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Re: Rethinking @src in the context of chaining rules

From: Mark Birbeck <mark.birbeck@x-port.net>
Date: Tue, 8 Jan 2008 12:20:32 +0000
Message-ID: <a707f8300801080420g3f23d910ia38681053fae01f6@mail.gmail.com>
To: "Ben Adida" <ben@adida.net>
Cc: RDFa <public-rdf-in-xhtml-tf@w3.org>

Hi Ben,

On 07/01/2008, Ben Adida <ben@adida.net> wrote:
> Mark Birbeck wrote:
> > I'd like to discuss it
> > separately from the way that chaining is being dealt with
>
> But... the whole point of my proposal, as I explained clearly, was that
> we could make this more natural change *thanks* to the chaining rules.

Right. Your reference to the 'new chaining rules' made me think that
the proposal was to support _both_ this:

  <img src="a" />

_and_ this:

  <img rel="p" src="a" />

But now that I realise that the latter is no longer supported, I don't
support the change.


> So dissociating the two is probably a bad idea.

The reason for separating the two issues is that regardless of the
outcome of the discussion around this mark-up (which is at the heart
of the other discussion):

  <div about="A">
    <div rel="p1">
      <div resource="B">
        <div rel="p2">
          <div resource="C" />
        </div>
      </div>
    </div>
  </div>

I still don't think we should lose support for this:

  <img rel="p" src="a" />


> >> Thus, in my proposal, this works:
> >>
> >>>   <div about="#ben" rel="foaf:depiction">
> >>>     <img src="foo.jpg" instanceof="foaf:Image" />
> >>>   </div>
> >
> > No arguments there. But note a few consequences to this. First, the
> > idea of @resource and @href being used as an 'alternative' URI for
> > @src, is gone;
>
> It's gone, but it's replaced by @about overriding @src, as I mentioned
> during my telecon proposal and in the followup email.

That's true, but my point is that this wasn't in the original
discussion, it came up later.


> >   <div about="#ben" rel="foaf:depiction">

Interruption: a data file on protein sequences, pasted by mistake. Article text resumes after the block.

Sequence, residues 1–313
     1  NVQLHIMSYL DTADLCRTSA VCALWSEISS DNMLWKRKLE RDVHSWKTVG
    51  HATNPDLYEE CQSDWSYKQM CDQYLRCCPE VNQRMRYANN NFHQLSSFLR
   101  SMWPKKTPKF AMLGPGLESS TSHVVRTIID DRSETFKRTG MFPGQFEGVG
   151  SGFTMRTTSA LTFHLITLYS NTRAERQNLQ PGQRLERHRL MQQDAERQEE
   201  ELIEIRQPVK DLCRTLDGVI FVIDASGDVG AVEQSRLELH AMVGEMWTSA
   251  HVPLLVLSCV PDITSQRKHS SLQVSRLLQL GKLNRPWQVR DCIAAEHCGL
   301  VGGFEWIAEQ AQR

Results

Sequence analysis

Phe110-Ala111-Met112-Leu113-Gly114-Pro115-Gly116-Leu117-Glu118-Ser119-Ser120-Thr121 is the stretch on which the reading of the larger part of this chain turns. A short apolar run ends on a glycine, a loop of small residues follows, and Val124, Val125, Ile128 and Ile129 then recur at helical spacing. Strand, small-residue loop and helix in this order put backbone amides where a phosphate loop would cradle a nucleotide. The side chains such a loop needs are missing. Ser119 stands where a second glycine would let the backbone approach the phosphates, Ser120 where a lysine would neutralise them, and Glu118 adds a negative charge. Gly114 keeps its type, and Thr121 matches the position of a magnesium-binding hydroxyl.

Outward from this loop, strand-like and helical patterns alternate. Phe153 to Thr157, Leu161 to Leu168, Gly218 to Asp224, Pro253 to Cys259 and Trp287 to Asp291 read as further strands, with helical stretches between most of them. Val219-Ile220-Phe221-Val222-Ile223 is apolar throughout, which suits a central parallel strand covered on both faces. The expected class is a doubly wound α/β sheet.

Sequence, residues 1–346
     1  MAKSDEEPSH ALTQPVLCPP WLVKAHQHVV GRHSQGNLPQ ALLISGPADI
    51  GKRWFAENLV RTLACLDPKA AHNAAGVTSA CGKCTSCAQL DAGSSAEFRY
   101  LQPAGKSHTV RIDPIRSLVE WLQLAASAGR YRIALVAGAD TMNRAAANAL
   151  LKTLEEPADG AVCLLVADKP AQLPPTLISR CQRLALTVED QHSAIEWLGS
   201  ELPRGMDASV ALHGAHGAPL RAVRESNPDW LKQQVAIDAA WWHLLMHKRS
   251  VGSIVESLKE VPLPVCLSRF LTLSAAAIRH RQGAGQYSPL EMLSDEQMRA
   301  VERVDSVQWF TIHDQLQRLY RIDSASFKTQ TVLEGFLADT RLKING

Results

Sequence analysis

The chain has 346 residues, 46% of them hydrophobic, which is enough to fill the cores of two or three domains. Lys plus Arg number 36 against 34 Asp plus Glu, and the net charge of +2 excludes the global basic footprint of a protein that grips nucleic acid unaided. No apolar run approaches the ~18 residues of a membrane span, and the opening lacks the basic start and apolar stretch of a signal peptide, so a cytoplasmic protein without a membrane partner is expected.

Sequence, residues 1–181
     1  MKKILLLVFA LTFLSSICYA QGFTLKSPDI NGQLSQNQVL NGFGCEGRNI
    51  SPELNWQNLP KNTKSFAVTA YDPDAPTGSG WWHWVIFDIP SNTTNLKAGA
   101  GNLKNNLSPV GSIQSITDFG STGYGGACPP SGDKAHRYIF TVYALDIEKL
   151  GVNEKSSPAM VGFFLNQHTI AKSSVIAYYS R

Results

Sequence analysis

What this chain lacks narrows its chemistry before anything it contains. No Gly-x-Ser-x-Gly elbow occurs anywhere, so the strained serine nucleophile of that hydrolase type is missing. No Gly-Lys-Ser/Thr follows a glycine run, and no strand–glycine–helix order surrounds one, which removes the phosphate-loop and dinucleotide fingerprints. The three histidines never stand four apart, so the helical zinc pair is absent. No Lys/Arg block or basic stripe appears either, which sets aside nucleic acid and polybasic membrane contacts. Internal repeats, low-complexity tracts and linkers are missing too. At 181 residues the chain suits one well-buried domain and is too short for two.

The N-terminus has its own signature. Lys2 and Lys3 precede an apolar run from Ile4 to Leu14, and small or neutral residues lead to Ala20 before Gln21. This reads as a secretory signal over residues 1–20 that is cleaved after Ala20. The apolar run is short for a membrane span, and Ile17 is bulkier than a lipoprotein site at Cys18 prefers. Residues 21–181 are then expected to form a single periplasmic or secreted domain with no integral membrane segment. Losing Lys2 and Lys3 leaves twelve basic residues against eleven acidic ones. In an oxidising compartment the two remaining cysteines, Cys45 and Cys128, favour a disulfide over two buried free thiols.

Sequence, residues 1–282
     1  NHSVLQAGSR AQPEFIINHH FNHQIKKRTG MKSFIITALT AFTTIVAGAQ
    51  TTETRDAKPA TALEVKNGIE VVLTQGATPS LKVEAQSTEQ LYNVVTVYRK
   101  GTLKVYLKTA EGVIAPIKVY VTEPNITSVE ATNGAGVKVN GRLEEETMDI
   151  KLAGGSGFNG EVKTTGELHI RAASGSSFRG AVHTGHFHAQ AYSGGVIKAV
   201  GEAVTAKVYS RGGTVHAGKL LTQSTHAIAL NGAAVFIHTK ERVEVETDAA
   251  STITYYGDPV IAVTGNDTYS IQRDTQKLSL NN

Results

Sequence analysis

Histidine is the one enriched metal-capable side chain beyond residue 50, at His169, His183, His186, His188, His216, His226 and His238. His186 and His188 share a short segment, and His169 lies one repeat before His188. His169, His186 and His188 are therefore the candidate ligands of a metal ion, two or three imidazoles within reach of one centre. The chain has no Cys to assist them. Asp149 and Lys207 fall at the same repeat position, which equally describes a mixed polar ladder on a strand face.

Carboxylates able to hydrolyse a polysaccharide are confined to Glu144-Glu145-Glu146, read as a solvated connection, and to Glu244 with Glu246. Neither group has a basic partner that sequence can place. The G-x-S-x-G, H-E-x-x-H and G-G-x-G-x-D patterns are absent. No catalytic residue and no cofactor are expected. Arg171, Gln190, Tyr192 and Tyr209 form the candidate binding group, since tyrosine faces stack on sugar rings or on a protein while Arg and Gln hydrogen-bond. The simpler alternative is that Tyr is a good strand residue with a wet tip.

> >     <img src="foo.jpg" resource="foo2.jpg" instanceof="foaf:Image" />
> >   </div>
>
> Right, that wouldn't work anymore, but this would:
>
>    <div about="#ben" rel="foaf:depiction">
>      <img src="foo.jpg" about="foo2.jpg" instanceof="foaf:Image" />
>    </div>
>
> and it would match nicely with @instanceof applying only to the subject
> attributes, @src and @about, with @about overriding @src.
>
> So @about is to @src as @resource is to @href.
>
> > We never discussed removing this use-case,
>
> Indeed, I don't want to remove any use cases, that would be bad. I hope
> the point above shows that I didn't remove a use case, I only changed
> the way it would be expressed.

Ok, but why have you snipped my entire second comment, which is along
similar lines:

>
> [...]
>

I'll reinstate it, and ask the question again:

> Second, if a @rel is now added to the mark-up I just gave:
>
>  <div about="#ben" rel="foaf:depiction">
>    <img
>      src="foo.jpg" rel="a:b" resource="foo2.jpg"
>      instanceof="foaf:Image"
>    />
>  </div>
>
> we get the following triples:
>
>  <#ben> foaf:depiction <foo.jpg> .
>  <foo.jpg> rdf:type foaf:Image .
>  <foo.jpg> a:b <foo2.jpg> .
>
> If we are saying that @src behaves like @about (which you have), then
> this formulation is now supported and we're entitled to ask what the
> justification is; is the expression of a relationship between an
> external image and some further, external document really that common
> a use-case? Is it really so common that it warrants removing the
> ability to qualify the relationship between the *current* document and
> the external image? (I.e., using @rel with @src.)

As I said, do we really want to establish relationships between
external documents? Obviously there will be times we want to, but that
is easily achieved with <link> or other constructs, by using @about --
it certainly doesn't need @src to make it possible.


> > As far as I can see, what has happened here is that an understandable
> > desire for the ability to apply @instanceof to images is being
> > railroaded through, and causing changes to happen in other areas that
> > have not been discussed or agreed.
>
> That's incorrect. No one is railroading anything. I made a proposal that
> happens to resonate with a few folks in the task force, and right now
> you're disagreeing with it, so we're discussing it. Plus, it seems from
> above that you have misunderstood the proposal, so it might end up being
> more agreeable to you than you think right now.

No...I think I grasp the proposal. Unfortunately, I assumed too much
when it was originally made; I heard the words 'based on the new
chaining rules', and assumed that it would support two types of
layout. I didn't for a moment imagine that we would lose the ability
to enrich the relationship between the current document (or some item)
and external images.


> [...]
>
> > That would be to forget how we arrived at @src being an object
> > resource though, which was not an accident -- it was because the
> > feature was essentially already in HTML anyway.
>
> No, the feature was not in HTML. @rel doesn't apply to IMG right now
> except with RDFa. We've chosen to extend HTML's @rel in various ways,
> and there are different ways of interpreting that.